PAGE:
Social Support for Skin Cancer Patients: a Question of Attributions of the Support Provider
AbstractBackground: The aim of this study was to examine attributions that may influence the willingness to provide social support to a patient diagnosed with skin cancer. Methods: In an experimental design, N=485 participants received written fictional scenarios in which the onset controllability of the cancer (non-self- vs. self-inflicted), the controllability of the course of the cancer (treatable vs. terminal), and the patient's coping behavior (norm-conforming vs. norm-violating) were systematically varied. Emotional reactions towards the patient (empathy, blame, anger) and the willingness to provide social support were measured. Findings: Results of an ANOVA showed that more support would be provided when onset controllability was attributed as non-self-inflicted (F(1,477)=11.24, p = .001, ?p2 = .023). Mediation analysis showed significant indirect effects from onset controllability, course controllability and coping behavior on support through empathy. Discussion: Attributions explain variance in the willingness to provide social support. Findings suggest that patients who may benefit most from support have a reduced chance to receiving it. Practical implications will be discussed.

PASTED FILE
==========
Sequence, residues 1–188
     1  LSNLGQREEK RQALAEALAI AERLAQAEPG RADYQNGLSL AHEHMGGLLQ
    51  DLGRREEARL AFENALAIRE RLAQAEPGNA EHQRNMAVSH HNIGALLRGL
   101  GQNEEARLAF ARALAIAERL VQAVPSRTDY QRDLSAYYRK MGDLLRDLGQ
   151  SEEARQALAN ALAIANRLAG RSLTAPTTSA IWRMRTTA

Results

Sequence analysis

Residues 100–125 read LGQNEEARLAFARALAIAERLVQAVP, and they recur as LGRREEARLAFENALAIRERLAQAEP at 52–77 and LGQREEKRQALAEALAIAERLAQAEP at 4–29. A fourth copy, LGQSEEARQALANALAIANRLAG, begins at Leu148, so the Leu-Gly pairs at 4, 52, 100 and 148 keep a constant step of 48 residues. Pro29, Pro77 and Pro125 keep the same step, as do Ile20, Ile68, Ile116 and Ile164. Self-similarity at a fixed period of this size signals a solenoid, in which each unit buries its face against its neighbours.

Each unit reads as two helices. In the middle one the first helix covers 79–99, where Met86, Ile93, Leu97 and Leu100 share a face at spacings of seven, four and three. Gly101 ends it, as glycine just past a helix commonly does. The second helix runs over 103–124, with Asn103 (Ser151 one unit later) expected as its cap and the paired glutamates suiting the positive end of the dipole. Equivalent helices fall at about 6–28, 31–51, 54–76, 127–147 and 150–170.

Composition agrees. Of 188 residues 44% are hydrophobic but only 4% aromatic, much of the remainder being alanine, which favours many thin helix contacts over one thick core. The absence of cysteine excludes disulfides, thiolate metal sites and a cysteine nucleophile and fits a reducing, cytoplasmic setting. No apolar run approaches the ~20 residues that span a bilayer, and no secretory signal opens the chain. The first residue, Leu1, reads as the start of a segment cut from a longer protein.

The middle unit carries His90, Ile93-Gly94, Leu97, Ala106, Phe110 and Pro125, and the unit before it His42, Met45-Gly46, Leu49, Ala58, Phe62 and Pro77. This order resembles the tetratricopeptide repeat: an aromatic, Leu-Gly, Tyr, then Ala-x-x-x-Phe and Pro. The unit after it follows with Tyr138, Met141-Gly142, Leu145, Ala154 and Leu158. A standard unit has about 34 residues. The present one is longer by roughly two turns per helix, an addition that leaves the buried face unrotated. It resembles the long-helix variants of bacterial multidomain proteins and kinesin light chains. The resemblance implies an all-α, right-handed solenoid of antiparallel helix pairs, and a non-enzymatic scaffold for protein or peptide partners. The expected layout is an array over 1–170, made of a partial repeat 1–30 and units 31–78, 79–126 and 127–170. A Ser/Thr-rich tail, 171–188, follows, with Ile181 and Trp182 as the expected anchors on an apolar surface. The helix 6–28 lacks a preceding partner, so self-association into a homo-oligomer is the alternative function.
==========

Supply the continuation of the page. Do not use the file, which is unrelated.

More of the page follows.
Copyright (c) 2014 J. Meyer , J.P. Brückner , H. Hummert , A.K. Rode , M. Vollmann , C. Salewski
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